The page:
I expect my final suggestion will be challenged but I'd suggest hyperinsulinemia is a common issue thwarting  many peoples' weight loss goals.  Insulin is the primary anabolic hormone promoting nutrient uptake.  When we are young and metabolically healthy it supports maintenance and growth of muscle but for many of us as we age that propensity diminishes and instead it is mostly driving the maintenance and growth of fat.  Insulin blocks lipolysis, if it is chronically high it impairs mobilizing stored body fat and burning it for energy.  We can have plentiful fuel as stored body fat but it does us little good if we still get hungry because our ability to burn fat is limited.  Unfortunately insulin is rarely measured and most of us are completely oblivious to our insulin levels, insulin sensitivity and its effects on our health and fitness.  From standard labs a good proxy with correlation to insulin sensitivity is the ratio of HDL to 12 hour fasted triglycerides.  If HDL is low and triglycerides are high one likely has poor insulin sensitivity.  Elevated HbA1c, fasting blood sugar and visceral fat (somewhat correlated to hypertension and poor markers of liver and kidney health) suggest hyperinsulinemia.

Tracking blood sugar can be helpful to see if insulin resistance is likely a problem.  Unstable blood sugar and especially increasingly intense hunger as blood sugar falls are good indicators of a problem with insulin and many benefit from adjusting their diet to foods that stabilize blood sugar.  Restricting carbohydrates, especially the high glycemic ones of processed foods rich in refined sugars and starches is effective for many to stabilize blood sugar, lower insulin and improve access to body fat as a source of energy.  Some such as myself with severe metabolic derangement find it helpful to aggressively restrict carbohydrates such as in a ketogenic diet which limits all foods rich in digestible carbohydrates such as sugary fruits and starchy grains, legumes and vegetables.  Refined vegetable oils such as corn and soybean oil especially when used in high heat cooking have also been linked to metabolic derangement.  Although they don't drive immediate blood sugar swings reducing or eliminating them may help restore insulin sensitivity over a longer time frame.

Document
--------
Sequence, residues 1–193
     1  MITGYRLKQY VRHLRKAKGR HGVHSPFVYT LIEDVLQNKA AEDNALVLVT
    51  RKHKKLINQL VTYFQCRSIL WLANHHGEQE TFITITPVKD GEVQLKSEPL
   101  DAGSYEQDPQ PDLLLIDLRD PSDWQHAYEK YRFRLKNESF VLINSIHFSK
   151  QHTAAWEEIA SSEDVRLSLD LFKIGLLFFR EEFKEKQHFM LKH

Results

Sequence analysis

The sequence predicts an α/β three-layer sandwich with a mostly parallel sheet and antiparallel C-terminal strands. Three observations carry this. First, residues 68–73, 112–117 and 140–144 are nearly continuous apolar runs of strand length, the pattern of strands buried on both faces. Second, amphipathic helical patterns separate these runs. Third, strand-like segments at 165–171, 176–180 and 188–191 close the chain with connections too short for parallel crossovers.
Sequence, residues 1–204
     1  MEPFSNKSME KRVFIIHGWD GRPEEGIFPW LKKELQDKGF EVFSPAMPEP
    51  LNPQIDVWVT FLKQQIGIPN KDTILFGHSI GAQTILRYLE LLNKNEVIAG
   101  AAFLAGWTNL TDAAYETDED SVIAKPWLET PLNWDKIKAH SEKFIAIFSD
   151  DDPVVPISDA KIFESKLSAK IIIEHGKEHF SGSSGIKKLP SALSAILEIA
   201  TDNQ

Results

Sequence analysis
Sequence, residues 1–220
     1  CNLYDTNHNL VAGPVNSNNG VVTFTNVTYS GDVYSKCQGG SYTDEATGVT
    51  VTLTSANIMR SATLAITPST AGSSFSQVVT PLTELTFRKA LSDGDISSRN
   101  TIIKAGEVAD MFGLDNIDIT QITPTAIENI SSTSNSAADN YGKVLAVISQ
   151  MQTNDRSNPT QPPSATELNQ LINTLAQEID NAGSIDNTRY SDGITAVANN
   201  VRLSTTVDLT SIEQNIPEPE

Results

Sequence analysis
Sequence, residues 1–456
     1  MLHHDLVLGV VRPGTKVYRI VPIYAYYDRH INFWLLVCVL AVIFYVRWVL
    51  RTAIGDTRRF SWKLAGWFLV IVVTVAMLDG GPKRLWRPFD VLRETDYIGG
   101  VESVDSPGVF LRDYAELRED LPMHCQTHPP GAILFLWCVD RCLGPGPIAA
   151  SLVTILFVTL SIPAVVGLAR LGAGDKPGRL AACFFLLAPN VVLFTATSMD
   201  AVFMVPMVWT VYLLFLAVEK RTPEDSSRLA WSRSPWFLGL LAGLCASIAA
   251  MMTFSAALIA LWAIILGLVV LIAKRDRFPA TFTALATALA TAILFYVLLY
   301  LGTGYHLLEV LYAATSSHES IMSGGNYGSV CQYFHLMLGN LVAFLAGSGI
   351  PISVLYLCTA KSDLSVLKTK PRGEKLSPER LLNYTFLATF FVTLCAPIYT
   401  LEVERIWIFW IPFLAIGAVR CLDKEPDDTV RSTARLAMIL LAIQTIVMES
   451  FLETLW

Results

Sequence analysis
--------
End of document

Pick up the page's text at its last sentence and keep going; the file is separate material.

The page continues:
Edited by Todd Allen